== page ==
Edward Said’s Orientalism was a work of scholarship. I think it was a very mixed work of scholarship (better as a critique than a plausible interpretation of the facts, in keeping with the author’s expertise as a literary scholar rather than a historian). But it was one of the later 20th century works which ruminated on the impact and power of the colonial experience.
Its influence has echoed down through the past two generations, and not to good effect. One could actually understand the argument of Orientalism. The argument of much of mass-level postcolonialism is inchoate, while its academic variety is insular and unintelligible.
Consider this piece from The Juggernaut, Keeping Up with Cultural Appropriation:
What qualifies as cultural appropriation is complicated — some advocate for cultural sharing, while others call it cultural theft. Cultural appropriation is “taking intellectual property, traditional knowledge, cultural expressions, or artifacts from someone else’s culture without permission,” according to Susan Scafidi, the founder of the Fashion Law Institute at Fordham Law School, in her book Who Owns Culture: Appropriation and Authenticity in American Law. This “taking” can occur in a variety of ways, from creative collaborations to cringe-inducing Halloween costumes.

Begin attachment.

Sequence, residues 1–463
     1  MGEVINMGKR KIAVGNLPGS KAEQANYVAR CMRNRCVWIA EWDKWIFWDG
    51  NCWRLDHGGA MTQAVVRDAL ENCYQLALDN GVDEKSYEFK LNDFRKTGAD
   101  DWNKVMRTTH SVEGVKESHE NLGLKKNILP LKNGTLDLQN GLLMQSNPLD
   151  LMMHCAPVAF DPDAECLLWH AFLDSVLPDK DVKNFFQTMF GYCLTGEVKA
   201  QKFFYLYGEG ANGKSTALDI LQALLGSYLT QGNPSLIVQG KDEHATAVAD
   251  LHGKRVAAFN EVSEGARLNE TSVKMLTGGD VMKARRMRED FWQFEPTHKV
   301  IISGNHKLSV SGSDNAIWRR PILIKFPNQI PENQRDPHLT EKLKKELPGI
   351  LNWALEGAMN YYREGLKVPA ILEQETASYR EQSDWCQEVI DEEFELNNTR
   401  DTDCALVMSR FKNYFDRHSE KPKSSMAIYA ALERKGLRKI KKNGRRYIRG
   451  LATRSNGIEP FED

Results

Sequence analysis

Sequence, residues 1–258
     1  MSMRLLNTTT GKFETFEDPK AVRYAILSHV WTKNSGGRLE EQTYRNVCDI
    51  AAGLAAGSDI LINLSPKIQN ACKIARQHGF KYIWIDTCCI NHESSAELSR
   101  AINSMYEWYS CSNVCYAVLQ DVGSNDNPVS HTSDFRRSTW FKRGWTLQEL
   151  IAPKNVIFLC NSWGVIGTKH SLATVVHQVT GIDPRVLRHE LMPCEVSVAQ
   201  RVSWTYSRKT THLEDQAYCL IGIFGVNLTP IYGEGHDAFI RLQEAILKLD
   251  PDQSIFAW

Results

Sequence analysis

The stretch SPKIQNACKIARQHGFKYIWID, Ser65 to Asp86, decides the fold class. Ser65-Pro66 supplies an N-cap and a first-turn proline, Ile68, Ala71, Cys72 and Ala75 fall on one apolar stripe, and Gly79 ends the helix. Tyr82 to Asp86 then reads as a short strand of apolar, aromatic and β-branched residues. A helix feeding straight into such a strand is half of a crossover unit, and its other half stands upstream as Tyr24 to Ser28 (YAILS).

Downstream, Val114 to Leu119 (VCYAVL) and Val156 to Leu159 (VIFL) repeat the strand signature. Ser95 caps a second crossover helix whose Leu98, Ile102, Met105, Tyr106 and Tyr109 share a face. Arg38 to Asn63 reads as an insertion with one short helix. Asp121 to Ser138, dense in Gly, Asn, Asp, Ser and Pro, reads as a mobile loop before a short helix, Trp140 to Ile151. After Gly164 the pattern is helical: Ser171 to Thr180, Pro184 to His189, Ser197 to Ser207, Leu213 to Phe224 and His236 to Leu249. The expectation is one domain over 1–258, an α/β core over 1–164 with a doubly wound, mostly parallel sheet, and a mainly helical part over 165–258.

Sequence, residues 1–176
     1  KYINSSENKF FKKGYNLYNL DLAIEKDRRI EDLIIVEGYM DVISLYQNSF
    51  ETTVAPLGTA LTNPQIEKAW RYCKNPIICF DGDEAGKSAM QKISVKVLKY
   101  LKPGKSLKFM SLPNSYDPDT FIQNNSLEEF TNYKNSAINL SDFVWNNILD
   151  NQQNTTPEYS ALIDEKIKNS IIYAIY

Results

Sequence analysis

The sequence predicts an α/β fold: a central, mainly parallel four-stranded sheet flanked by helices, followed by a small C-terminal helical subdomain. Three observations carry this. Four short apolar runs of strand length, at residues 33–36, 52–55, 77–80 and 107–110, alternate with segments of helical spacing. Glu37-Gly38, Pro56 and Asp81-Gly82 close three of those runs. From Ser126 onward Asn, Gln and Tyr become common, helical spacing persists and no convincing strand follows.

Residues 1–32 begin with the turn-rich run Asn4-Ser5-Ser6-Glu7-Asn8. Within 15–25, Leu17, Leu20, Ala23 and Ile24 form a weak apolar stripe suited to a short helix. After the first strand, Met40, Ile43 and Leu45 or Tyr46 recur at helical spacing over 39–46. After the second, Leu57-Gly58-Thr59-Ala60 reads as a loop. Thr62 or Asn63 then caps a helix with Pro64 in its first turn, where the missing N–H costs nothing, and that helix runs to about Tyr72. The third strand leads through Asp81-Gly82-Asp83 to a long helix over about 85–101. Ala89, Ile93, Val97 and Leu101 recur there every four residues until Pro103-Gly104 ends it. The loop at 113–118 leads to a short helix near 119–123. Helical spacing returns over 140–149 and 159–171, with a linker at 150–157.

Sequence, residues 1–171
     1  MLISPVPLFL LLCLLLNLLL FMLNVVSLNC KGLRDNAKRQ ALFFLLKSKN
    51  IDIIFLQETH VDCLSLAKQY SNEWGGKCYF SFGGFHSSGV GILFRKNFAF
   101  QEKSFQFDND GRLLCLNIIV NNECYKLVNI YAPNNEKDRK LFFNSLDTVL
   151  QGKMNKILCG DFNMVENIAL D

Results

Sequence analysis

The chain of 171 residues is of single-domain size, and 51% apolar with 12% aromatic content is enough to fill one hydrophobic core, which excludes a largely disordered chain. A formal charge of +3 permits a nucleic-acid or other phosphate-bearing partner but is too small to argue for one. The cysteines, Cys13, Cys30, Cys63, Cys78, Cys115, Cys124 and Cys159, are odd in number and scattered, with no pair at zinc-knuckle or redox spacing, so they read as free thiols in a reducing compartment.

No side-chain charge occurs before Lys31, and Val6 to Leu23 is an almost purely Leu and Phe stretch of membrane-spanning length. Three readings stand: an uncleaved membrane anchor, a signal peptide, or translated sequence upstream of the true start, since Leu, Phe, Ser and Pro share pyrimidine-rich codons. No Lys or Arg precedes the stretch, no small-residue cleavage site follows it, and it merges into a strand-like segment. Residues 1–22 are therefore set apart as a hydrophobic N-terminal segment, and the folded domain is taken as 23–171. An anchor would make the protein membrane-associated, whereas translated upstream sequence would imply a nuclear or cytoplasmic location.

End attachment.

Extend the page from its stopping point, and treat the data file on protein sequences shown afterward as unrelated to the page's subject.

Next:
Taking cultural elements without permission from a less predominant culture in a specific context is at the heart of appropriation. “It involves a culture with relatively more economic, social, or political power taking from a culture with less power, and so it involves an unequal relation,” explained Rina Arya, professor of visual culture and theory at the University of Huddersfield.
First, as an empirical matter, the individuals of a “less predominant culture” who object to cultural appropriation are invariably privileged, deracinated, and Diasporan or Diasporic in their cultural influence. People who reside in Japan, for example, have no problem with white people wearing kimonos. Instead, it is Asian American activists. Therefore, you have the farce a few years ago of an Indian American woman explaining to a Japanese art curator why white people in kimonos is “problematic.”
There are two points of this post:
– Is there anything of value in 2020 in the way postcolonialist academia views the world? I’d stay no. What’s the “postcolonial” angle on Chinese aggression Ladakh? Yes, the British borders matter, but note that the Manchus invaded Nepal without the influence of white people. Academic postcolonialism is sterile, offers no novel insights, and frankly centers white people and Europeans to a degree that is idolatrous.
– Second, mass-postcolonialism with its concepts such as “cultural appropriation” is not fertile toward cultural creativity. Rather, it promotes a vague and unclear essentialist idea of cultures, societies, and presumes a lack of dynamism and a static element of power relations. The Romans conquered Greece, but in their turn, they were conquered by Greek culture. One could say they “appropriated” Greek culture, but the synthetic glories of Greco-Roman art and thought would not be possible without the “appropriation.”
Contrast the above piece with another one from The Juggernaut, “Not Indian Enough”. Yes, it trades in some signaling to woke shibboleth, but it explores an interesting topic that is genuinely novel and not simply a rearrangement of cognitive furniture.